Oct 9, 2017

Book Review: Longevity Promotion a Multidisciplinary Perspective

Posted by in categories: biotech/medical, ethics, law, life extension

There’s no doubt that Dr. Ilia Stambler’s Longevity promotion: multidisciplinary perspective is a great book for the advocate and keen supporter of healthy life extension. Check out our review by Nicola Bagalà.

There’s no doubt that Dr. Ilia Stambler’s Longevity promotion: multidisciplinary perspective is a thorough book that all kinds of advocates of healthy longevity may find very useful. The book reads pretty much like a collection of academics papers, each dealing with a different aspect of the matter, including science, history, social and moral implications, legislation, and advocacy. Just like you would expect from an academic work, each section of this book is complete with exhaustive sources that will indubitably prove helpful should you wish to dig deeper into the topic being discussed.

The first section of the book focuses on advocacy, discussing typical concerns raised in the context of life extension, outreach material, and initiatives, and it offers suggestions for effective policies to promote aging and longevity research. The latter part of this section was one of the hardest for me to read since policies and legislation are not at all my strongest suit, but I do believe that professional lobbyists and advocates who have legal and regulatory backgrounds and wish to take action will find numerous ideas in it.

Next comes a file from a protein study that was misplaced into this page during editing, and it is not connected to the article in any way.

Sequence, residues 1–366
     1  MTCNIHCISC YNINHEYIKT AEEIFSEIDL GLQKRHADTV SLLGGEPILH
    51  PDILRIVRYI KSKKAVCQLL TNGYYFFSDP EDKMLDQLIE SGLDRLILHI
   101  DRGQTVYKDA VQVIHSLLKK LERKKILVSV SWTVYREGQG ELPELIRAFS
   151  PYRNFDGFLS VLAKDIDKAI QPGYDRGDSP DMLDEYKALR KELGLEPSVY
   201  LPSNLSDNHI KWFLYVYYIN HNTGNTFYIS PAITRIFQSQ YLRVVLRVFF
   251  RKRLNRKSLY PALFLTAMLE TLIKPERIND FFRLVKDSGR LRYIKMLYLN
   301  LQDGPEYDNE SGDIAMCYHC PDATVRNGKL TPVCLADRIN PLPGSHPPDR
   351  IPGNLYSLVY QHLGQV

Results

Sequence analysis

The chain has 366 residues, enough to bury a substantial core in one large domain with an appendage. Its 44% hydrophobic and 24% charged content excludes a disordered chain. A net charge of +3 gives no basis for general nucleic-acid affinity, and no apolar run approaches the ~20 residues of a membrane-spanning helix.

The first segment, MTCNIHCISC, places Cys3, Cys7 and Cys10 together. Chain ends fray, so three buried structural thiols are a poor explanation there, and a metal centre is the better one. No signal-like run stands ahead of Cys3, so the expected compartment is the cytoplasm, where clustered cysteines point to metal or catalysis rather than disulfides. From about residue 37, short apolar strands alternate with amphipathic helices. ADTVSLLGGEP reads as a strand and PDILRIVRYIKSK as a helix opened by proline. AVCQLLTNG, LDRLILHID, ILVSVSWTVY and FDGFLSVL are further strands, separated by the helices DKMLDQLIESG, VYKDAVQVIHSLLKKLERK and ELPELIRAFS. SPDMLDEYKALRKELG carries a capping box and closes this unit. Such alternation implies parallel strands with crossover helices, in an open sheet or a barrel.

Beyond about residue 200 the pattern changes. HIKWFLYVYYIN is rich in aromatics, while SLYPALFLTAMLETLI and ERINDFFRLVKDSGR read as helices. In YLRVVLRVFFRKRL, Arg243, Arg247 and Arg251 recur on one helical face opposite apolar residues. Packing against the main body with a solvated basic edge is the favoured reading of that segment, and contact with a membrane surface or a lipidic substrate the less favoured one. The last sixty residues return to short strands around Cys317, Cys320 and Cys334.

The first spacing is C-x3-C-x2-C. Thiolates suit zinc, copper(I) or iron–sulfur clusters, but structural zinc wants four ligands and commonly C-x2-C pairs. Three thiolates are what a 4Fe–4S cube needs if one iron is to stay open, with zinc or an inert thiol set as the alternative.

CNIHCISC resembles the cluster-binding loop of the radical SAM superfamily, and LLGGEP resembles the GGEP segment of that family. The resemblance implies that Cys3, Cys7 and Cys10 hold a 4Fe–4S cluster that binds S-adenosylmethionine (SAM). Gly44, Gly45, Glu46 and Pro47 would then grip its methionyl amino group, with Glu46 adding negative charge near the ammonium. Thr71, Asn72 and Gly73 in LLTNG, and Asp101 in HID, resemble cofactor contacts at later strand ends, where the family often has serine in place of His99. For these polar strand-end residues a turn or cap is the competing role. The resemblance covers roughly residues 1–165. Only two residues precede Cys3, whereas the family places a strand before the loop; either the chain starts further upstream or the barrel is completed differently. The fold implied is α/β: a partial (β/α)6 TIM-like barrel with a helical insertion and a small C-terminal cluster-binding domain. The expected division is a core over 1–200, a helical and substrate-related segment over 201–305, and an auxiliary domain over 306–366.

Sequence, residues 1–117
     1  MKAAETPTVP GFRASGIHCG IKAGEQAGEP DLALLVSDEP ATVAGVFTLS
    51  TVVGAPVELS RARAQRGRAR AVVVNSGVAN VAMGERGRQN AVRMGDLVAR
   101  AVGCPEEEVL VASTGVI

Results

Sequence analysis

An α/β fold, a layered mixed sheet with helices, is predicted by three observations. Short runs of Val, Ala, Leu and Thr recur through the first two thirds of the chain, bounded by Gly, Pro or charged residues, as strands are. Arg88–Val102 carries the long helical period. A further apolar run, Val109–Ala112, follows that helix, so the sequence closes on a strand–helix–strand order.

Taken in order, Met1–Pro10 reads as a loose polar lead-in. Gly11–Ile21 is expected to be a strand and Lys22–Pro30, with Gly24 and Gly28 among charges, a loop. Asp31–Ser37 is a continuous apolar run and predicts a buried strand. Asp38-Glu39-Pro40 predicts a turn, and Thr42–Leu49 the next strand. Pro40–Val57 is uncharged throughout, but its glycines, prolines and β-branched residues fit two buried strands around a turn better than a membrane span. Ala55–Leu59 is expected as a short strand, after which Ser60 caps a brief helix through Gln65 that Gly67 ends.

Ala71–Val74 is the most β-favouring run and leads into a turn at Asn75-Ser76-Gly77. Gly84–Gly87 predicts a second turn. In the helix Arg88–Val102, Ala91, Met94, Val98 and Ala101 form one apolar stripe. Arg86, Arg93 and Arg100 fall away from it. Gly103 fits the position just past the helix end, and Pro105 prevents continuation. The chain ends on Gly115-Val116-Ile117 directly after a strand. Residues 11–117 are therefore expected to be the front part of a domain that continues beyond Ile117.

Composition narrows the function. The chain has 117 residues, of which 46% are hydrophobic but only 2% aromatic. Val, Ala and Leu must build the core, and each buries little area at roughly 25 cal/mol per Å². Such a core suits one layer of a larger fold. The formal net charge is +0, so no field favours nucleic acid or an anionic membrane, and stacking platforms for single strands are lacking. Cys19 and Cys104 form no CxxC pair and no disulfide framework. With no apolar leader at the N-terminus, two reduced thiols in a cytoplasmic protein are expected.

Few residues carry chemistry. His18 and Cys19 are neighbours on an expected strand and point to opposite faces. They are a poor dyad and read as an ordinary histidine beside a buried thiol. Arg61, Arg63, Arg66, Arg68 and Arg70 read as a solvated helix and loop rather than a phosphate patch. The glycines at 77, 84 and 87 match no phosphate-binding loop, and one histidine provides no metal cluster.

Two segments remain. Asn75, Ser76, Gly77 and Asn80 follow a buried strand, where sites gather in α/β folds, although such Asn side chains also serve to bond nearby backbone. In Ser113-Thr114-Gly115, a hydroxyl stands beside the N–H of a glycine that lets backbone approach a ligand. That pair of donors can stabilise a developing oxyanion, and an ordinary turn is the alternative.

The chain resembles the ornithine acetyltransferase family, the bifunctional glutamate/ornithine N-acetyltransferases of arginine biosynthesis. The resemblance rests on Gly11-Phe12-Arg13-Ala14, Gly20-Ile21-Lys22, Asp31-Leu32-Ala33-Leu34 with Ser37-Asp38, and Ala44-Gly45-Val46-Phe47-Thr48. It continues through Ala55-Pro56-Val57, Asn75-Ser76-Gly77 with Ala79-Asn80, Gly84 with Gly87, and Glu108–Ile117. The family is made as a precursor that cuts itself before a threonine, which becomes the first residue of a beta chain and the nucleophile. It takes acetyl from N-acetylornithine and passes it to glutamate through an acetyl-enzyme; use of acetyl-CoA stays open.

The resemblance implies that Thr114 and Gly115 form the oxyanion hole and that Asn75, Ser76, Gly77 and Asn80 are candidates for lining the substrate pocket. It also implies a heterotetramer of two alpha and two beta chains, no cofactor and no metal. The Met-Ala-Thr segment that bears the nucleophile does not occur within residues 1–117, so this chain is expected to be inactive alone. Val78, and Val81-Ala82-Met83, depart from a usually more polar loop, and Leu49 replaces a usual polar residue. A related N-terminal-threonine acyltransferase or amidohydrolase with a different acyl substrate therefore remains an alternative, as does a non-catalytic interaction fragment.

The longevity history section discusses the progression of longevity science during the last century. It was surprising to learn that quite a few well-established scientific disciplines of today, such as endocrinology, owe their existence to early efforts to create rejuvenation treatments. This section discusses other aspects as well, such as the holism vs reductionism controversy in the history of longevity research and the legacy of Elie Metchnikoff, a pioneering immunologist and microbiologist who can safely be regarded as the father of gerontology and made no mystery of his conviction that aging should be considered a disease and treated as such.

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